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How to Stay Cool Under Fire

When emotions run wild in the workplace, you have to take control of the situation - and quick! These practical examples will help to point the way.

by Nancy Stern, M.A.

Have you ever felt your adrenalin rise and your temper flare when someone you work with asks a touchy question or makes a terse comment?

When emotions run rapid at the workplace, we tend to speak without thinking. This causes communication breakdown.

The alternative is to reframe the rift and turn it into an opportunity to do some creative problem solving. Simply apply the S-T-S Rule: STOP, THINK... and then SPEAK. In other words, empower yourself to take control of the situation.

The following examples will illustrate how you can prevent conflict by responding rather than reacting.


"You need to increase your sales next quarter. What have you been doing? Going to the beach?"

Your reaction might be:

"What do you want me to do? Squeeze the blood from my team? We're understaffed and you know it!"

But you're more likely to prevent conflict and feel better with:

"You know, I've also been concerned about the dip in our sales. I've studied the situation and I propose that I hire a couple of junior account executives to ease the administrative pressure from my top performers. Then, they will be able to get out there and make more calls which is what they do best."


" You haven't given me a raise and I want to know why. If you don't give me one, I'm out of here."

Your reaction might be:

"Clean out your desk. You're fired!"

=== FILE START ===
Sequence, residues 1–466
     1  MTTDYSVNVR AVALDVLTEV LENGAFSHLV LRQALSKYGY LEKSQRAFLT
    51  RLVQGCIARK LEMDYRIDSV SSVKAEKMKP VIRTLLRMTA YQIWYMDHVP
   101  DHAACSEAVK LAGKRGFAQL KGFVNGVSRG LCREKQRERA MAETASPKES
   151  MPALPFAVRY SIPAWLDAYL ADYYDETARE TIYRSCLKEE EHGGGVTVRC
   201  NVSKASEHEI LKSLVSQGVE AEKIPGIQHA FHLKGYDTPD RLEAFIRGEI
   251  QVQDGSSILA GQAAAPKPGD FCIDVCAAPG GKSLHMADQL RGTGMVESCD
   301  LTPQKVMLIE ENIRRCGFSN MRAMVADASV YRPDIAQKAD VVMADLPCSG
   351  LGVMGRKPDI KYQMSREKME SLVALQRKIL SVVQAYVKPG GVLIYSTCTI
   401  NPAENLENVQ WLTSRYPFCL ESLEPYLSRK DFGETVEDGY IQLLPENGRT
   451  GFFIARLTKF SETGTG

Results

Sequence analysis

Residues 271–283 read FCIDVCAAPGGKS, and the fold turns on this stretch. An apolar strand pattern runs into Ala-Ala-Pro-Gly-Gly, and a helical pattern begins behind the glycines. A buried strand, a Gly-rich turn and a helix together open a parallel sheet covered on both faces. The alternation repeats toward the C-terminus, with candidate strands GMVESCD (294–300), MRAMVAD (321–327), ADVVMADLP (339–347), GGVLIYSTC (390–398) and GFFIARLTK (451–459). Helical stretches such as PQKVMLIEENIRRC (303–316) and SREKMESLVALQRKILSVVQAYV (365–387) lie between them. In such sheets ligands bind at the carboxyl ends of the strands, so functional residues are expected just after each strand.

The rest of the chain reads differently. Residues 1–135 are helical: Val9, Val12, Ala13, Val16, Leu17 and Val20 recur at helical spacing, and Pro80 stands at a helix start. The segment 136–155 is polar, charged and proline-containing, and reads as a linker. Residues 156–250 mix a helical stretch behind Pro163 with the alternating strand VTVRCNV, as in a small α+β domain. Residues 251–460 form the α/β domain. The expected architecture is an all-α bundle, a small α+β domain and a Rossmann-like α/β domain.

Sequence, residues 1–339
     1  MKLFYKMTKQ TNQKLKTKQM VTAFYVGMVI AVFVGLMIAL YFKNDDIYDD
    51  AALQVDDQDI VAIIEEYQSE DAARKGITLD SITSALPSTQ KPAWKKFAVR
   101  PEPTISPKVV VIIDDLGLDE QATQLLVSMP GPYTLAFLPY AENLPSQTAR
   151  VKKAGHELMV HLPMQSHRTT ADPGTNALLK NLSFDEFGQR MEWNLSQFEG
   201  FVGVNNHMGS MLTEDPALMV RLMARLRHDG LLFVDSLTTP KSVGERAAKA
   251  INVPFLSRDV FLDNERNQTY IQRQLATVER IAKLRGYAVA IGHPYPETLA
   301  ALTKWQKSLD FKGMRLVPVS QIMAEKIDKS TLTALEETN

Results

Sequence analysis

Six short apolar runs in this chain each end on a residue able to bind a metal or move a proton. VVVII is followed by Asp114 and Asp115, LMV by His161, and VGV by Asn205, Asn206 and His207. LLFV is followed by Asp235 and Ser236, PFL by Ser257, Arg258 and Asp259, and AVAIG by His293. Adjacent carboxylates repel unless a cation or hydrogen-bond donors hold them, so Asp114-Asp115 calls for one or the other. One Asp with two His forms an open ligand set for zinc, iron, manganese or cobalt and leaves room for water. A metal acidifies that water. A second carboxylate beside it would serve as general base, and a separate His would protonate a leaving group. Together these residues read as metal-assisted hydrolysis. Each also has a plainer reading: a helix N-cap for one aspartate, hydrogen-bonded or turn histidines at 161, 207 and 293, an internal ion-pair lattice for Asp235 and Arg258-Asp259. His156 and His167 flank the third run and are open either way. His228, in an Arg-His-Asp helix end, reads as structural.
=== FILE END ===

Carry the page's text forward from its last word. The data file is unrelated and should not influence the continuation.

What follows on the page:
You're more likely to prevent conflict and feel better with:

"I can understand your frustration and there are a couple of issues regarding your performance that need to be addressed before I can fully review your salary." (At this point, be sure to provide specific behaviors and don't use YOU statements; phrases beginning with "you" like "you are a moron.")


"You have to fill in for me tomorrow at the board meeting. I'm suppose to make a presentation and I just can't make it."

Your reaction might be:

"You can forget it!" Why should I help you? You never help me."

You're more likely to prevent conflict and feel better with:

"I'm really loaded down with work and yet, I know how important this report is. If you can help me catch up next week, I'll be able to be there for you tomorrow. I'll only be able to do it though, if you get me all your notes right away."

Now, the important thing to remember here is that truly effective person-to-person communication is the mutual responsibility of both parties.

The unfortunate thing is that we can't always rely on the other party to send the message in a way that won't suggest that we react with conflict resulting statements, especially when, as in the above cases, the initial statements were of a conflict producing nature.

The following represent a more positive approach which would have reduced the potential for conflict from the beginning and demonstrated how empowerment works:


"I'm concerned about the drop in our sales during the last quarter. What do you think is causing the problem?"


"I am curious as to the reasons why I haven't been given a raise yet. What can I do to enhance my performance so that I can be considered for a raise soon?"


I'm in a bind and really need your help. I'm suppose to give a presentation to the board tomorrow and I just got called away on an emergency. If I help you catch up next week, could you please step in for me tomorrow? I'll give you all my notes and explain it all to you now."

Notice that in each of the revised scenarios, the initial sender is not starting out with YOU, thus decreasing the potential for conflict and helping the receiver to stay cool.

(c) Copyright 2002 Nancy Stern Communication Plus

Through her workshops, seminars and consulting projects, Nancy Stern MA, helps people keep connected through conscious communication because how you say what you say matters™. Visit her on the web at http://www.nancystern.com or at http://www.onthespotmediatraining.com.

Some Related Articles:

How to Avoid a Verbal Fight
"And Never is Heard a Discouraging Word..."
Don't Fight, Just Think - and Counter the Attack!
How to Deal With Negativity in the Workplace
Emotional Intelligence: Lessons from a One-Pound Furball
Sanity-saving Strategies for Stressed-out Times
Three Basic Rules for Management Communication

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